"There is so much of this stuff happening, I could keep five people busy at my firm devoted just to this," said John Carpenter, an intellectual-property attorney with Bernstein, Shur, Sawyer & Nelson in Portland, Maine. "I told her that it's not a cost-effective way for a small business to work."
Suing Grandmothers Just Isn't Practical
Indeed, outside this cottage business, the public outcry over bootlegging Leavitt-Imblum's World Peace Angel has been nonexistent. After all, suing a needle-happy homemaker makes even less sense than filing a lawsuit against a teenager exchanging copies of the latest Metallica record with millions of Internet users, lawyers say.
"This is a homey industry," said Sabrina Simon, corporate counsel for Southern Progress Corp. "What kind of [damages] could we possibly get from a grandmother?"
For now, the cross-stitch war must be waged on the grass-roots level. In hopes of gathering evidence and quashing the problem, publishers and designers say they are mobilizing small groups of spies to infiltrate the pattern-swapping clubs and nail the ringleaders.
Designers say they have recruited friends and fans, sometimes offering free patterns in exchange for their snooping. Fellow artists like Linn Skinner of Hollywood, a 57-year-old needlepoint designer, spies on the clubs "for the greater good. I have friends who have been hit badly by this."
So, how many spies are there?
"I can't tell you," said Leavitt-Imblum. "Do you know what would happen to these women if I told you their names?"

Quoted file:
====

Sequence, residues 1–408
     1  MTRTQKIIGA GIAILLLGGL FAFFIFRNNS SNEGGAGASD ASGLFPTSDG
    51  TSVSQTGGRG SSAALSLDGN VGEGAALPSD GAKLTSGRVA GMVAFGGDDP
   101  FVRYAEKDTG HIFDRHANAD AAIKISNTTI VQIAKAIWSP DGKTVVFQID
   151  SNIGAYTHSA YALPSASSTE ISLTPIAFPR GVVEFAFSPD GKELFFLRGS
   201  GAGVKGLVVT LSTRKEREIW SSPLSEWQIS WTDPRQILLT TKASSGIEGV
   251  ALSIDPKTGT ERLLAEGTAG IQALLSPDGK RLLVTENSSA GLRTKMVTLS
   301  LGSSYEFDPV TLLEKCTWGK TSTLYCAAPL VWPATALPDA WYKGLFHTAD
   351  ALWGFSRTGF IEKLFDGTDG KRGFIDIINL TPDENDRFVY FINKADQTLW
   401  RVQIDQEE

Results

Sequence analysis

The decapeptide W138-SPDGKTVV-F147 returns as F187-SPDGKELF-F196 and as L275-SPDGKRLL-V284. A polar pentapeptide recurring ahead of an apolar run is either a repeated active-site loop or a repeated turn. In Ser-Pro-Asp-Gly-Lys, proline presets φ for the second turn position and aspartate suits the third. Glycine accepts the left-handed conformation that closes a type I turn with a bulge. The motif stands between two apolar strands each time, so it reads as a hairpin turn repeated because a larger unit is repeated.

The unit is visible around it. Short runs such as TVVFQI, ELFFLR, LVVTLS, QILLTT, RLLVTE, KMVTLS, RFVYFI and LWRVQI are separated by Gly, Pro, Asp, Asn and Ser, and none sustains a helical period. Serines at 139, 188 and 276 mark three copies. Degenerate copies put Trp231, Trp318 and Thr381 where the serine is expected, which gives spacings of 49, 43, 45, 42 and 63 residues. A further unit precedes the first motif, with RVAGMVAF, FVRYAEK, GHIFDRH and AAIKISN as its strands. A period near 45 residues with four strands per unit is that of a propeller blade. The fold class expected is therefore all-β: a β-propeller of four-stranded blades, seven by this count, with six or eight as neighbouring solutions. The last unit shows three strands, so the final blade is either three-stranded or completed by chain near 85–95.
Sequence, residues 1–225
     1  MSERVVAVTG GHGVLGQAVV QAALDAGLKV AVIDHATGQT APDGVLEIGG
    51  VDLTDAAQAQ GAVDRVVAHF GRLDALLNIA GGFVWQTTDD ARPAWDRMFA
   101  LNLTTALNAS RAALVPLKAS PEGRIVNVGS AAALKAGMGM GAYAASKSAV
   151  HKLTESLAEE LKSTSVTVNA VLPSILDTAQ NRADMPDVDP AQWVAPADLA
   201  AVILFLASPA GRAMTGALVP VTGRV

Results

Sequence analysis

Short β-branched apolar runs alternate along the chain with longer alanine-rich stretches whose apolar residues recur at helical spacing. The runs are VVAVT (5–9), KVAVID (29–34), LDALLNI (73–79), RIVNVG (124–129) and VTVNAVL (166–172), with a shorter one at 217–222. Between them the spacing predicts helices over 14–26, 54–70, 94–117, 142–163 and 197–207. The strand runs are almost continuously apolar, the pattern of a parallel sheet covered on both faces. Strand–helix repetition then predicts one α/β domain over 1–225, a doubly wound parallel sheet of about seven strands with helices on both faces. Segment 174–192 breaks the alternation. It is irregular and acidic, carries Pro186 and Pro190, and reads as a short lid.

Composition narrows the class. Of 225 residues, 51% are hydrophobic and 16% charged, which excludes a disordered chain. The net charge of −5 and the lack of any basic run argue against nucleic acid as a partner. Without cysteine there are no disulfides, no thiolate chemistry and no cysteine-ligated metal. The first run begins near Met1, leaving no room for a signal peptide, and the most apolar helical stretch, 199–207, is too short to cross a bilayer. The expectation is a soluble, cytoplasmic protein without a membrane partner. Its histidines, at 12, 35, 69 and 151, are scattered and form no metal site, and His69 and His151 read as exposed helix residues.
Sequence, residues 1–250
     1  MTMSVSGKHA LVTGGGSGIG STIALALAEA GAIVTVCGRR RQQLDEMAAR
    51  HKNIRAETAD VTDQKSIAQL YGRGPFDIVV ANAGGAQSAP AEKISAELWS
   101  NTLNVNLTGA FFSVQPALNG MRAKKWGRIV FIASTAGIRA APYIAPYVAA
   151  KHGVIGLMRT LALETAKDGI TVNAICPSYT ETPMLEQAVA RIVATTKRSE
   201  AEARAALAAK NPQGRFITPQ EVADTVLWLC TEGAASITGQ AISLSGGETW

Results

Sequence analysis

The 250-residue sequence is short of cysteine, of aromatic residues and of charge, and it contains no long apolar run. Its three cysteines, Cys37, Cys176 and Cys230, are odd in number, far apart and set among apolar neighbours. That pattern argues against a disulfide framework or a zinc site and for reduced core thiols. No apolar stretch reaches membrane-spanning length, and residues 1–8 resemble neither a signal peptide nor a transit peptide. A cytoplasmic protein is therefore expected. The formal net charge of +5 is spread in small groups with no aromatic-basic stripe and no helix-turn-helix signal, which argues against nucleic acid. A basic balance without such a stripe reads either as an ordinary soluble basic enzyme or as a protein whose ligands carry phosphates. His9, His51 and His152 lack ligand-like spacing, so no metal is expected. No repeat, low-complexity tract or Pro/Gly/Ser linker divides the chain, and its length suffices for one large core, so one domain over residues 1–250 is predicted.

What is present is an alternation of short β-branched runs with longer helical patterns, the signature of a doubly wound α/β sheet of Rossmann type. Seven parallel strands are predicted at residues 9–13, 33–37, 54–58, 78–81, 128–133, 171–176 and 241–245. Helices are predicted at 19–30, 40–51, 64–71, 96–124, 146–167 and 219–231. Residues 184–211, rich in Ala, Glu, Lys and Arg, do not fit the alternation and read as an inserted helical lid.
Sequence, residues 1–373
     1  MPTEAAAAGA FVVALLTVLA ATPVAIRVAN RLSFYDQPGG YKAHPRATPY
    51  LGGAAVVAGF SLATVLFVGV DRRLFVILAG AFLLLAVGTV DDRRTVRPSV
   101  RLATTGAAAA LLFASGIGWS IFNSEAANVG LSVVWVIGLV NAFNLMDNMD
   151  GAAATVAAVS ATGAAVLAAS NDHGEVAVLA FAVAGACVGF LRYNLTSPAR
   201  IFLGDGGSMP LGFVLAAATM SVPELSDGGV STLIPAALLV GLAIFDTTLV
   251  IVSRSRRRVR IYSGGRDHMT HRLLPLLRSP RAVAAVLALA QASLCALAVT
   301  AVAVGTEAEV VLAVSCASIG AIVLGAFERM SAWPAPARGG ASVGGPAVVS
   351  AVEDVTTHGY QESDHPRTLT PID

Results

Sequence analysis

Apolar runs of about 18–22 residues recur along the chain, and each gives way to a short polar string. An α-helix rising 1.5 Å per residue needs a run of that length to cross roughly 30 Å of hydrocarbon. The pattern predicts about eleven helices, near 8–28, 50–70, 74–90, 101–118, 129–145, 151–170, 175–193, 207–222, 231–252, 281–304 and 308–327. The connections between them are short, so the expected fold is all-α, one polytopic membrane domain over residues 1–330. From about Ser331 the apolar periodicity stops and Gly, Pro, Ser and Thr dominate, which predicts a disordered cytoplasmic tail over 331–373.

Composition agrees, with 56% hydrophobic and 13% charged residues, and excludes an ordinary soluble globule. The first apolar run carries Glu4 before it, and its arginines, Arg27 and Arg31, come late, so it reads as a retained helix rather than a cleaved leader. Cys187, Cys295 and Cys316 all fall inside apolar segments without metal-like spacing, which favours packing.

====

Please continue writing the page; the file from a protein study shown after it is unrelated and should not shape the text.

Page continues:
At worst, these cyberspace Mata Haris are exiled from the cross-stitch underground. That happened on PatternPiggies, which recently renamed the group OinkersDelight and yanked its listing off eGroups' search engine. To find the club, you have to know someone who knows someone, and can vouch for your worthiness. Getting in now requires a password and a pledge of faith: New subscribers are encouraged to post at least one cross-stitch pattern to the community.
The club has two important rules, according to its home page. First off, have fun. "The second thing is there will be NO TALK OF COPYRIGHT," according to the posted rules. "We are a share group. [W]e are not selling anything."
As the clash continues, people on both sides of the pattern debate say they are closely watching the Napster case unfold in San Francisco. Their future, they say, is ultimately tied to the fate of a technology start-up that has wrestled control over distribution from major entertainment conglomerates.
"I started watching the case because I have a 13-year-old who got an MP3 player for his birthday," said Simon. "Now, I'm watching it for the designers."
For related stories on intellectual property and the Internet, go to http://www.latimes.com/musicweb.